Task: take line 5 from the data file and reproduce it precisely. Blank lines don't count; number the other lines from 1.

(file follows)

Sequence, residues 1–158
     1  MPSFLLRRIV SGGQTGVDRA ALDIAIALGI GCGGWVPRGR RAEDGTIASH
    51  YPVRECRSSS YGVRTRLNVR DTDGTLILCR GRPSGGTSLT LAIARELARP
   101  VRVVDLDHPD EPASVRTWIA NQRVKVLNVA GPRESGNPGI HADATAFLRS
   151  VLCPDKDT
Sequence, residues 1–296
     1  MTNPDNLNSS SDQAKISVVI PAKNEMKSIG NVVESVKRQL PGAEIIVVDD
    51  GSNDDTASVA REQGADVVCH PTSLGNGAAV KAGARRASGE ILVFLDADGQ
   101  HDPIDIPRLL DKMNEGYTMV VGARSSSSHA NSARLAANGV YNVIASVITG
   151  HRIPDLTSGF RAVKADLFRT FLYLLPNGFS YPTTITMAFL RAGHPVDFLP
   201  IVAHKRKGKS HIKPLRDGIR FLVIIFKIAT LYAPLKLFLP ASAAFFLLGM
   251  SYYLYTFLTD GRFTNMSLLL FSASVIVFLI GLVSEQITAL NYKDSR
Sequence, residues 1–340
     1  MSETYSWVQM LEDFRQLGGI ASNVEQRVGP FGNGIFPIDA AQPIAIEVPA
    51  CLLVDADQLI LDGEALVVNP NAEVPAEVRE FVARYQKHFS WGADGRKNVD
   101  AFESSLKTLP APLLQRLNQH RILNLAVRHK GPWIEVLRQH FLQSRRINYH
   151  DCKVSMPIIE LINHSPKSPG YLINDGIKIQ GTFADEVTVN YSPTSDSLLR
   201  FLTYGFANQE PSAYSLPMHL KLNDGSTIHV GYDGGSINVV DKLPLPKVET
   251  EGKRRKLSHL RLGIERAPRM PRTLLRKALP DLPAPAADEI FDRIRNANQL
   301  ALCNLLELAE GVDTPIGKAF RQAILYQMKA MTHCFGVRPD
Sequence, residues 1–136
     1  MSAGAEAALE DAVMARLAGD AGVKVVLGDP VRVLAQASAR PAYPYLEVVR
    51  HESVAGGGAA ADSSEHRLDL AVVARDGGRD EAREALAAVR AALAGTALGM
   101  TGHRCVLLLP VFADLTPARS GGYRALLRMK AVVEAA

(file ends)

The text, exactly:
   151  VLCPDKDT